California’s 12.3 percent unemployment rate now ranks as third-worst in the nation. Other large, diverse states post much lower rates, which translates to millions of Californians who are unnecessarily unemployed and underemployed.
These are not simply cold numbers on a spreadsheet. Every job loss entails real pain for some family. Employment is a matter of human dignity. Revenues for our schools are down. Families are losing their homes. Those climbing the ladder of success are falling back into poverty. That’s why jobs are the most important issue — at least for me — in the contest to fill California’s 15th Senate District seat in the Aug. 17 election.
The unemployment crisis is a symptom of a profoundly weakened economy. This problem was a long time in the making. California was hemorrhaging high-quality, private-sector jobs long before the current recession.
The Milken Institute recently analyzed manufacturing-sector job losses between 2000 and 2007. They concluded that California lost more than 1.6 million jobs and $75 billion of annual wages.
These losses translate to $5 billion less income tax revenue each year. Without raising taxes a penny, this lost revenue could almost triple the amount we spend on our California State University education system.
The cause of our ills is well-known and much discussed around the country. California is ranked as the worst for business among all 50 states in a 2009 survey by Chief Executive magazine.
Forbes ranked California 50th for business costs. The 2009 California Business Tax Climate Report ranked California 48th. The Economic Freedom Index assessment of regulations, licensing and permitting requirements ranked California 46th in 2008.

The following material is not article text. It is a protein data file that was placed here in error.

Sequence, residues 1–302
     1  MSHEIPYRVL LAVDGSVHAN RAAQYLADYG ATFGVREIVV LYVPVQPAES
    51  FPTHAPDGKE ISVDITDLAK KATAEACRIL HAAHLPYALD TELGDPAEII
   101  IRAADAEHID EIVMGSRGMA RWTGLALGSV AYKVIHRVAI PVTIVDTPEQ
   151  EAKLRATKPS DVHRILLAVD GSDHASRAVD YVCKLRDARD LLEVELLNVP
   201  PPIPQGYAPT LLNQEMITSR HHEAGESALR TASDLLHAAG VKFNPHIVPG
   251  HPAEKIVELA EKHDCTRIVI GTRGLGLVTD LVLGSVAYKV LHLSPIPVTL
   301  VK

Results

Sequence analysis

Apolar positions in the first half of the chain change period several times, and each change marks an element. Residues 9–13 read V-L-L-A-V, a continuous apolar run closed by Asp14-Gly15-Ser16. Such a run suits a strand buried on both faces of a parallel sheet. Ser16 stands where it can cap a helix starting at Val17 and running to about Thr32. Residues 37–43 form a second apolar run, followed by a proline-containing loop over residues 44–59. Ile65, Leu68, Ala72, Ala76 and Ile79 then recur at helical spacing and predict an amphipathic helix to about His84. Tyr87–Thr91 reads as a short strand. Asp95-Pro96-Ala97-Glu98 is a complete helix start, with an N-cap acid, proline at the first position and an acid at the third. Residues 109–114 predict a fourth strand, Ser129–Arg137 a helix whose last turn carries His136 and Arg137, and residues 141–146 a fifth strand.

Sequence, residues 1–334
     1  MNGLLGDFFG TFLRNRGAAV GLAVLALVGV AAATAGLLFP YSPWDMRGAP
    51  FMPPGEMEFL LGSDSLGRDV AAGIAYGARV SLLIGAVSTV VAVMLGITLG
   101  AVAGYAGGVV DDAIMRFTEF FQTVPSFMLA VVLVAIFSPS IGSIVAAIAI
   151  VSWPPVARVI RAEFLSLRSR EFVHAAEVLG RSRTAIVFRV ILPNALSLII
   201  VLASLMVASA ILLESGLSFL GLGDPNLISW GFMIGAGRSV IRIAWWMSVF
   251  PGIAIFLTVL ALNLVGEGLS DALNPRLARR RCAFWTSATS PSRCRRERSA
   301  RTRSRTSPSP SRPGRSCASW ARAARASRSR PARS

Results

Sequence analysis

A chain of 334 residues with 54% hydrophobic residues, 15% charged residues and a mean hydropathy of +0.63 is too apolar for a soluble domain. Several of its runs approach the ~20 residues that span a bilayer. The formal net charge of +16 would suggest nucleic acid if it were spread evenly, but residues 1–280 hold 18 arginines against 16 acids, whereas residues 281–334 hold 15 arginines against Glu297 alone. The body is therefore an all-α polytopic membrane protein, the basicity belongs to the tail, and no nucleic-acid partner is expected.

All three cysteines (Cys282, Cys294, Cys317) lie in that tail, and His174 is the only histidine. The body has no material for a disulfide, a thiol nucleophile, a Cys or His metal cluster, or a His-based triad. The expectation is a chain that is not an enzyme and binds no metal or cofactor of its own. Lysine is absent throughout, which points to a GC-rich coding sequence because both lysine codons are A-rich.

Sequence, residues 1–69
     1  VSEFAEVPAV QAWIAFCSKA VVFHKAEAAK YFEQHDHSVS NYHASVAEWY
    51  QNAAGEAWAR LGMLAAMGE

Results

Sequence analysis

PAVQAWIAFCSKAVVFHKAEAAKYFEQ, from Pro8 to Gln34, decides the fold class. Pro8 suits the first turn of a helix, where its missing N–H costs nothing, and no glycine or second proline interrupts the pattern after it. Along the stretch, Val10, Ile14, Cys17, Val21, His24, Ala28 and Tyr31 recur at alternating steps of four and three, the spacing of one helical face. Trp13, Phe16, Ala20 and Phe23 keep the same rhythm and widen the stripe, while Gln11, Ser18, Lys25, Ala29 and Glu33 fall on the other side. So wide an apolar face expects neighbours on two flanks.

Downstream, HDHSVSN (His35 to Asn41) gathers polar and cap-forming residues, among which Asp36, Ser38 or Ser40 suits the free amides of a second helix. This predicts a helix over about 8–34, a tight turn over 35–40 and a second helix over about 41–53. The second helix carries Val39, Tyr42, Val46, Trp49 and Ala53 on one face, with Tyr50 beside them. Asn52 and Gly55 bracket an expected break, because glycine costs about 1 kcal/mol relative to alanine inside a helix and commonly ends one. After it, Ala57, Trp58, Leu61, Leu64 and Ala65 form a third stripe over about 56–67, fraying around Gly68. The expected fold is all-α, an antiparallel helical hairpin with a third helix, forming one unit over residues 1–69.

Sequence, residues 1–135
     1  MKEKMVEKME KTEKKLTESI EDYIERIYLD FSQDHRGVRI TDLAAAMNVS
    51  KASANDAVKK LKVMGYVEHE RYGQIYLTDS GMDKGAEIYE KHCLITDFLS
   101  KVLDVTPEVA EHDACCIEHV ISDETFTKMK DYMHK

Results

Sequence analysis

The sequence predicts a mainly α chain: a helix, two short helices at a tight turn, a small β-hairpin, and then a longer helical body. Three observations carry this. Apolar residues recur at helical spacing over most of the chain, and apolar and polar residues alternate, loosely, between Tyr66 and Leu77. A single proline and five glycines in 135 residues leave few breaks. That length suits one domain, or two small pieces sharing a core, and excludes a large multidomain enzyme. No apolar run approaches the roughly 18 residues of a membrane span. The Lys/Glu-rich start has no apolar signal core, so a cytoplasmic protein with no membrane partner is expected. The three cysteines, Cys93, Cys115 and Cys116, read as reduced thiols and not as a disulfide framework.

The prescription for getting these jobs back to California is straightforward but requires political will.
Tax reform: Our tax treatment of research and development credits, manufacturing investment credits and capital investments must be reformed if we are to compete domestically and globally.
If done strategically, these reforms will produce an explosion of business investment and high-income jobs, which in turn will generate significant new tax revenues for schools and public safety.
Regulatory reform: The myriad maddeningly inefficient state regulatory agencies need to be held accountable to protect our environment and workplace while moving projects forward in a timely manner. Ombudsman functions and one-stop coordinated permitting procedures have been employed in other states with great success.
Higher education: As a former scientist who earned a doctorate in our University of California system, I am passionate about higher education. Our universities and high-tech industries can benefit from closer collaborations that generate new ideas and investments. Creative private-public partnerships can produce breakthroughs in medicine, material science, renewable energy and computing.
Job creation is a key factor distinguishing me from my opponent. During my tenure in the Assembly, I earned “A” ratings from both the California Chamber of Commerce and the California Manufacturing and Technology Association. During that time, I authored numerous bills to promote green jobs in California and co-authored SB 71, the “clean-tech” manufacturing investment credit signed into law earlier this year.
My opponent consistently earned “F” ratings from those same organizations. He supported 155 of 157 bills so bad for jobs that they were identified by the Chamber of Commerce as “job-killer bills.”
I don’t say this as a personal criticism but only as a means of establishing that the voters have a real choice before them when it comes to the question of which candidate will work to bring jobs to California.
This viewpoint is re-printed with permission from the San Jose Mercury News.
Sam Blakeslee is a San Luis Obispo Republican.